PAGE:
What Are We Conserving? A Lizard’s Tale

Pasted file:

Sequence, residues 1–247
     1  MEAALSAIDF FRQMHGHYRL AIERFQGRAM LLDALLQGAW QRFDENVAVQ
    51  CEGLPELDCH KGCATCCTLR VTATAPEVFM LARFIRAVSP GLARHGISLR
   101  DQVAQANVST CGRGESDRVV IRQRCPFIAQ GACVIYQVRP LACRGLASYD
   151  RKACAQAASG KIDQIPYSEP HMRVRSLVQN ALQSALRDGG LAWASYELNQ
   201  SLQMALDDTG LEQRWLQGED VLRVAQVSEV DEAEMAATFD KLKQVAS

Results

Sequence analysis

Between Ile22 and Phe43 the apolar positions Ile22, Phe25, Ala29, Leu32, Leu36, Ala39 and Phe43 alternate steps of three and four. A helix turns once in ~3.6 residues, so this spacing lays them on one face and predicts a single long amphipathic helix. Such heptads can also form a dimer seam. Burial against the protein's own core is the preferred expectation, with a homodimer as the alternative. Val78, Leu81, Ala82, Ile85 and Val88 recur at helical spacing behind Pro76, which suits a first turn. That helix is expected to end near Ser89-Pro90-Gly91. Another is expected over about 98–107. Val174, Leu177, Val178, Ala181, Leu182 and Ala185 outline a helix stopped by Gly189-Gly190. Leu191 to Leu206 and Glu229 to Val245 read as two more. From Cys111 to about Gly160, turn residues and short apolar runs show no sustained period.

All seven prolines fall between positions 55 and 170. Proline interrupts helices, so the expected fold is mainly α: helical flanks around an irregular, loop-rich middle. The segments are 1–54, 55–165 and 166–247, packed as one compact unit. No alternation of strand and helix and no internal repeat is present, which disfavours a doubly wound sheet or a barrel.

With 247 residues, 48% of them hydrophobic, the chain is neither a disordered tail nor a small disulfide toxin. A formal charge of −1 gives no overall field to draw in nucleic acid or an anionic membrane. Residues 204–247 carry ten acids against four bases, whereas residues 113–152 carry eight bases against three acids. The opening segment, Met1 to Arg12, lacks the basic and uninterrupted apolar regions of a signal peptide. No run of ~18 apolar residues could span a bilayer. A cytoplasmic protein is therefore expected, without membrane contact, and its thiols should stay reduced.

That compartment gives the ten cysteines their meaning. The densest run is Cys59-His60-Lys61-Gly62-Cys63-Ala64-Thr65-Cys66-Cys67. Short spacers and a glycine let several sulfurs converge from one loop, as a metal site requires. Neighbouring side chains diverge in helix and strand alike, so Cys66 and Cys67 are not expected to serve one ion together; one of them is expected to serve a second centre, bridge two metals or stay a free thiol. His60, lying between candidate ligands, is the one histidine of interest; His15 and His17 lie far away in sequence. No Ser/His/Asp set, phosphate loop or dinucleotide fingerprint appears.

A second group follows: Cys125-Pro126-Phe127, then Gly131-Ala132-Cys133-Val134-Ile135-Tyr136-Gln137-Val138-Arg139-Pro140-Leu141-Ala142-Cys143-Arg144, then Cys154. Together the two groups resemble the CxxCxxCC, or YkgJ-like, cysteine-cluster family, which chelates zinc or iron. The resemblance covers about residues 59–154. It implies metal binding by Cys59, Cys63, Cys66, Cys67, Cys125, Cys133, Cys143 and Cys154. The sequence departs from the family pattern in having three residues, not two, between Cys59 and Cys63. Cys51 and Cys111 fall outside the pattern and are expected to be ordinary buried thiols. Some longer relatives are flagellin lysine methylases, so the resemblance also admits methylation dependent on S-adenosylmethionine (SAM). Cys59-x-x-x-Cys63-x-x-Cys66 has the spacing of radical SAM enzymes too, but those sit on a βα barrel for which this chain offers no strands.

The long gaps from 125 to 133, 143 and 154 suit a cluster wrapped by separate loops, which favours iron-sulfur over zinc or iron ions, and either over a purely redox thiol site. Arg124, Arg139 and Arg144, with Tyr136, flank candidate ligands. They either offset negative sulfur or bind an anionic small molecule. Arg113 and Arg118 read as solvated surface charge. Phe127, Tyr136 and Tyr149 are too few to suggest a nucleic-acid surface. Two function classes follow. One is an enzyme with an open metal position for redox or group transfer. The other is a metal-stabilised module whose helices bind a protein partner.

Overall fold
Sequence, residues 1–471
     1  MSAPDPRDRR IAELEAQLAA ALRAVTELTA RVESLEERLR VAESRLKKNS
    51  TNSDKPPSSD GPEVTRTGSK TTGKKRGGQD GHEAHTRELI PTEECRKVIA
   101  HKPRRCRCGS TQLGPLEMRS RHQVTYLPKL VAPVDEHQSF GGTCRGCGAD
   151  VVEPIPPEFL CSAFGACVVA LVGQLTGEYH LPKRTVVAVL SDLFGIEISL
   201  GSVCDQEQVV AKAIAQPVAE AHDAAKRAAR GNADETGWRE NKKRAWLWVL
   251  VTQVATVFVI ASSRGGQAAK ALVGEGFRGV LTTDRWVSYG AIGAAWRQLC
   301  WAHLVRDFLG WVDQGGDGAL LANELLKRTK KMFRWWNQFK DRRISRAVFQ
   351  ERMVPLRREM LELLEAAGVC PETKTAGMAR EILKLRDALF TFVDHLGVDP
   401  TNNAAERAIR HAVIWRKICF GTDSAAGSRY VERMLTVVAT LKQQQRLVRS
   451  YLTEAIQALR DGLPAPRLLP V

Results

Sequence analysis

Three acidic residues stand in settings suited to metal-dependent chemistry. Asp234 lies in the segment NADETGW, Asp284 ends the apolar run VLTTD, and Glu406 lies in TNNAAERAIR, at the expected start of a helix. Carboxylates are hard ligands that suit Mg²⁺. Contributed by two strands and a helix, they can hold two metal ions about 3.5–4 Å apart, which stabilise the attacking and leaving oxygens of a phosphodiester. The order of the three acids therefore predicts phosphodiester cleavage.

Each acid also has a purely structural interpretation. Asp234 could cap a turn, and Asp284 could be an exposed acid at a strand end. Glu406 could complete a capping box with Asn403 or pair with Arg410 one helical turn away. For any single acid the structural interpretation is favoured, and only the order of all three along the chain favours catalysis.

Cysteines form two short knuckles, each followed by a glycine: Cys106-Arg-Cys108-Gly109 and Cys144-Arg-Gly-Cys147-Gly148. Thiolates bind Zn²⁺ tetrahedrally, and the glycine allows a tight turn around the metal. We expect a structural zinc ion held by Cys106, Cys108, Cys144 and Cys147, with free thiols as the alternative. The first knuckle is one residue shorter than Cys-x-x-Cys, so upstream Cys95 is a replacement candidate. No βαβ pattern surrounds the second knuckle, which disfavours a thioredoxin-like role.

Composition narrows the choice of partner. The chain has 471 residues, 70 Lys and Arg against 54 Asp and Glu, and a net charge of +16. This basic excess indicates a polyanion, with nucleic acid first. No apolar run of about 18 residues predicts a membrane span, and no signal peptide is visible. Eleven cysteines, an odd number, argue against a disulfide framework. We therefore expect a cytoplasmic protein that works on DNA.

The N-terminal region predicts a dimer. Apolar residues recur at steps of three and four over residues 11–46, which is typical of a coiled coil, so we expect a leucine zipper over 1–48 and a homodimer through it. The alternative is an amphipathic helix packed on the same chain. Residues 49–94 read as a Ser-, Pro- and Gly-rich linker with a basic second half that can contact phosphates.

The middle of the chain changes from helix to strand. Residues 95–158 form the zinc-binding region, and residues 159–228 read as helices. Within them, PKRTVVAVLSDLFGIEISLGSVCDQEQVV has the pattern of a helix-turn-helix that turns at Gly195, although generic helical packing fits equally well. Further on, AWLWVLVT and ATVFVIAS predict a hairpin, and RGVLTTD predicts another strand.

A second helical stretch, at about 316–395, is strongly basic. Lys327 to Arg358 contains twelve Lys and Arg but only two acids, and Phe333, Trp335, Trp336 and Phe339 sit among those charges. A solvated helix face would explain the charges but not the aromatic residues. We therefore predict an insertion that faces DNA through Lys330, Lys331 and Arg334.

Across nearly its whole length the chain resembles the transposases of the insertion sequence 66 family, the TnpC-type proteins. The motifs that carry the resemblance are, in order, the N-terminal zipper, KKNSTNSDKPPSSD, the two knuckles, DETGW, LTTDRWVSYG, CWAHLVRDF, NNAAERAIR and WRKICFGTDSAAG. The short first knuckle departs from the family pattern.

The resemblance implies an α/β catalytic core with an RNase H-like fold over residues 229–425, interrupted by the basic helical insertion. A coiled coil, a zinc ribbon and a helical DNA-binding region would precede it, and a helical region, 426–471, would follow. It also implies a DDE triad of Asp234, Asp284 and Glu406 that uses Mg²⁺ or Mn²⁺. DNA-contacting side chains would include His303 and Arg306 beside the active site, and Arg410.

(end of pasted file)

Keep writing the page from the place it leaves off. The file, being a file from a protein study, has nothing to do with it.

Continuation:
Hill, Debra U.S. Fish and Wildlife Service 2105 Osuna NE Albuquerque, NM 87113 Debra_Hill@fws.gov We all have an understanding of the basic concept of “Conservation”, and many have taken or taught a conservation biology class. In theory, we are trying to conserve a species, a habitat, an ecosystem, a landscape, and ultimately, a planet. In practice, the details are much murkier, and our goals never exact. When the species of interest is not charismatic, and even worse, a misunderstood lizard, conservation can become a challenge. Grassroots conservation efforts involve a multitude of partners that must be brought to the table with clear direction and goals. The identification of stakeholders and their participation must then be intricately woven with the ecological and natural history needs of the lizard. I will explore the tangled web of conservation, the tools available, and lessons learned from two southwestern lizards, the Dunes Sagebrush Lizard (Sceloporus arenicolus) and the Flat-tailed Horned Lizard (Phrynosoma mcallii).


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